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ACS CAN releases Cancer Disparities Chartbook

​Despite the fact that U.S. cancer death rates have decreased by 26% from 1991 to 2015, not all Americans have benefited equally from the advances in prevention, early detection, and treatments that have helped achieve these lower rates.

On Oct. 17, the American Cancer Society Cancer Action Network (ACS CAN) released a publication that illustrates health inequities across the cancer continuum and highlights policies ACS CAN is pursuing to address the disparate disease burden.  

Cancer Disparities: A Chartbook illustrates the scope of cancer disparities that exist in the U.S., including cancer incidence, mortality, and survival; access to insurance coverage; screening and early detection; and behaviors that may increase cancer risk. It also details how ACS CAN is actively pursuing evidence-based public policies at the local, state, and federal levels that aim to reduce these disparities and improve health outcomes for all U.S. population groups.

Additionally, the chartbook highlights some of the greatest gaps and challenges, which will further guide ACS CAN in its public policy work. The publication includes more than 100 charts and maps detailing the extent of disparities across different populations. ACS CAN led the development of the chartbook, in collaboration with the American Cancer Society.

Public policy interventions are a critical strategy for substantially reducing, and ultimately eliminating, cancer disparities. ACS CAN will share this chartbook with state and federal policymakers to show the level of health inequities that continue to exist across the cancer continuum and to highlight public policies ACS CAN is advocating to address this problem.  

The report is available online at Hard copies are available for order in the RR Donelley catalog (listed as item number 872000) -- on Society Mart.

A quick overview

Research shows that racial/ethnic minorities and other medically underserved groups continue to have higher cancer rates and are less likely to be diagnosed early or receive optimal treatment compared to other groups. Individuals of lower socioeconomic status (SES) – income, education, occupation, etc. --  also suffer disproportionately from cancer and other disease burdens compared to individuals with higher SES, regardless of demographic factors such as race/ethnicity.

The underlying causes of disparities in cancer care are complex and include interrelated social, economic, cultural, environmental, and health system factors. Geographic location (e.g. rural versus urban areas or northern states versus southern states) also contributes to disparities in cancer care.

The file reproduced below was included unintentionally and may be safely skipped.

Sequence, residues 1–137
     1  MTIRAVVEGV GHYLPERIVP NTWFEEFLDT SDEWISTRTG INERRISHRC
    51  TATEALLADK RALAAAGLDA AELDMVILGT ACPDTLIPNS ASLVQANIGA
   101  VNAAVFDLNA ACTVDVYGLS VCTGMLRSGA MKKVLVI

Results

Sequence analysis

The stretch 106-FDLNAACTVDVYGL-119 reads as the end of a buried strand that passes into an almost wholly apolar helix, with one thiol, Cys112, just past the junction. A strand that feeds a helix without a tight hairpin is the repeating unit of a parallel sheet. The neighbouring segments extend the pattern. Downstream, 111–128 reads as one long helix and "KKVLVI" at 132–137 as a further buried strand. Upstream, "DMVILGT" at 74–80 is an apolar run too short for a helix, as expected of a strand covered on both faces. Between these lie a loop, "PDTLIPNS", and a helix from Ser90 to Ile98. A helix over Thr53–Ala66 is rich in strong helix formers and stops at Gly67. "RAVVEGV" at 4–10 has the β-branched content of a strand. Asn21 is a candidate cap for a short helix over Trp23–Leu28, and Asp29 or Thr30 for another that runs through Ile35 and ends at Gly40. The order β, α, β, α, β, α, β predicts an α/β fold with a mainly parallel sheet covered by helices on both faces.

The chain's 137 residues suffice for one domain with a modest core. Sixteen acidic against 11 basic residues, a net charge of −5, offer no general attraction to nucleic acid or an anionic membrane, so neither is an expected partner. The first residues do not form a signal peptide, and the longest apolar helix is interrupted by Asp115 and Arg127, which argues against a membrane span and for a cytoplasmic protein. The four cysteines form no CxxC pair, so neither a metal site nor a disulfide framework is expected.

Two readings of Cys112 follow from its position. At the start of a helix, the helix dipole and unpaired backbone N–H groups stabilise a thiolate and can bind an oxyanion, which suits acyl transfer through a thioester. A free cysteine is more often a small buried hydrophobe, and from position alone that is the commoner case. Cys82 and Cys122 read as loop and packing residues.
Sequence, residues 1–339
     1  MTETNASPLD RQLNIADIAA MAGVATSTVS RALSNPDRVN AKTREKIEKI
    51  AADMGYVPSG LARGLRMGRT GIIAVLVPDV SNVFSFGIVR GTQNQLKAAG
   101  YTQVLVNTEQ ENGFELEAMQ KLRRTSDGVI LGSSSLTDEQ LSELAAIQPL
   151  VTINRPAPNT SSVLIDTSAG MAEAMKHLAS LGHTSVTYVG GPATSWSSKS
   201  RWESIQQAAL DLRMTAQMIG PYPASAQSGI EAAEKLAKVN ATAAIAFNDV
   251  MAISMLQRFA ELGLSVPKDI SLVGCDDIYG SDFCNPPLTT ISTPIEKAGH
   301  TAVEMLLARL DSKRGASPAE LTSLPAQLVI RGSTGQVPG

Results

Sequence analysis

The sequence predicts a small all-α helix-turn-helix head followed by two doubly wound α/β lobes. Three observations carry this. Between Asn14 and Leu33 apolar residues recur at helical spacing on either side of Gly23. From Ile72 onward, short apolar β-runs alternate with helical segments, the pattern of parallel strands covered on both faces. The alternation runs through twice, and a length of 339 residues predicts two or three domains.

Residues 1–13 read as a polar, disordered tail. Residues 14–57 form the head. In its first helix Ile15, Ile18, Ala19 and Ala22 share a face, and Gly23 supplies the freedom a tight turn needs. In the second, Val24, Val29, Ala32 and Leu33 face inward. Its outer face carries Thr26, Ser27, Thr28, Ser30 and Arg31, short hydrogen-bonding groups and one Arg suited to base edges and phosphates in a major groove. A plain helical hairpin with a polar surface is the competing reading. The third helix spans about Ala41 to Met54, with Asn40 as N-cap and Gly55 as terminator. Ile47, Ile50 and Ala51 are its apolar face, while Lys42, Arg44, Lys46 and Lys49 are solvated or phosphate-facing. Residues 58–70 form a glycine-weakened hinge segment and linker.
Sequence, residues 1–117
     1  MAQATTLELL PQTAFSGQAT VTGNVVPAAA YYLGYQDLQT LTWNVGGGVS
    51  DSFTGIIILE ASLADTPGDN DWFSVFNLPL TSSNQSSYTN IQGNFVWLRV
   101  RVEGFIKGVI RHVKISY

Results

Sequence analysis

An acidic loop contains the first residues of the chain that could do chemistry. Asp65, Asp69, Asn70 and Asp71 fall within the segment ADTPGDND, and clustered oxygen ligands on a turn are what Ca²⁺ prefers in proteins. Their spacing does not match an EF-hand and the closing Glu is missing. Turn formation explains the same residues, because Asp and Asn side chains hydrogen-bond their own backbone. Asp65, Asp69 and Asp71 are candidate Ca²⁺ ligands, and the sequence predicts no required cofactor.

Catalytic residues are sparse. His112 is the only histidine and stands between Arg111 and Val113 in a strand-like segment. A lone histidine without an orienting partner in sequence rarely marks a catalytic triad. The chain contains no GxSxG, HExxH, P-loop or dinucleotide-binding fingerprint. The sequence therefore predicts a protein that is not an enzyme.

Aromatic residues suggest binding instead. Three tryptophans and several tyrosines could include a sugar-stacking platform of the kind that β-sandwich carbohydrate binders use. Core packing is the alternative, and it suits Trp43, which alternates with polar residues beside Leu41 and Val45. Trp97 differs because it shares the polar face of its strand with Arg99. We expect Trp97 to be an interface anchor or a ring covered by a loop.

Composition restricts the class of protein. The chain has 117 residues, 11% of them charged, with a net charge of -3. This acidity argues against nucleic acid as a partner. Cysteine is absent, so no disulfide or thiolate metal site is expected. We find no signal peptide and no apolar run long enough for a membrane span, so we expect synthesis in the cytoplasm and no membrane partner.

A few key facts

  • Among females, non-Hispanic Whites have the highest overall cancer incidence rates, but non-Hispanic Blacks have the highest cancer death rates. Importantly, while Hispanic and Asian/Pacific Islander women have among the lowest incidence and mortality rates overall, they have among the highest rates of certain infection-related cancers, e.g., liver and stomach cancers.
  • Among males, non-Hispanic Blacks have the highest cancer incidence and mortality rates overall, driven by high rates for the most common cancers (lung and bronchus, prostate, and colorectal). Similar to females, Hispanic, Asian/Pacific Islander, and American Indian/Alaska Native males generally have higher rates of cancers related to infections compared to non-Hispanic Whites.
  • Since the mid-1970s, cancer incidence and mortality rates for all cancer types combined have been highest among Black males, although this disparity is narrowing in more recent years. Among females, although incidence rates are slightly higher in Whites, death rates remain highest in Blacks due to disparities in cancer survival. The excess risk of cancer death (or percentage by which cancer death rates in one group exceed another) in Blacks versus Whites dropped from 47 percent in 1990 to 19 percent in 2015 among males and from 21 percent in 1997 to 12 percent in 2015 among females.
  • Reasons for differences in the incidence of childhood and adolescent cancers by race/ethnicity in the U.S. are not well understood. The cancer death rate is similar between non-Hispanic White, non-Hispanic Black, and Hispanic children, despite higher incidence rates in Whites. This is likely due to lower survival rates among Black and Hispanics compared to Whites.

TOP PHOTO: This graph illustrates obesity percentage among children and adolescents aged 2 to 19 years, 2015 to 2016. Overall, prevalence of obesity among youths age two to 19 years was highest among Hispanics (25.8%) and non-Hispanic Blacks (NHB) (22%) compared to 14.1 percent among non-Hispanic Whites and 11% among non-Hispanic Asians. Prevalence of obesity in Hispanics and NHB is about twice that of non-Hispanic Asians.

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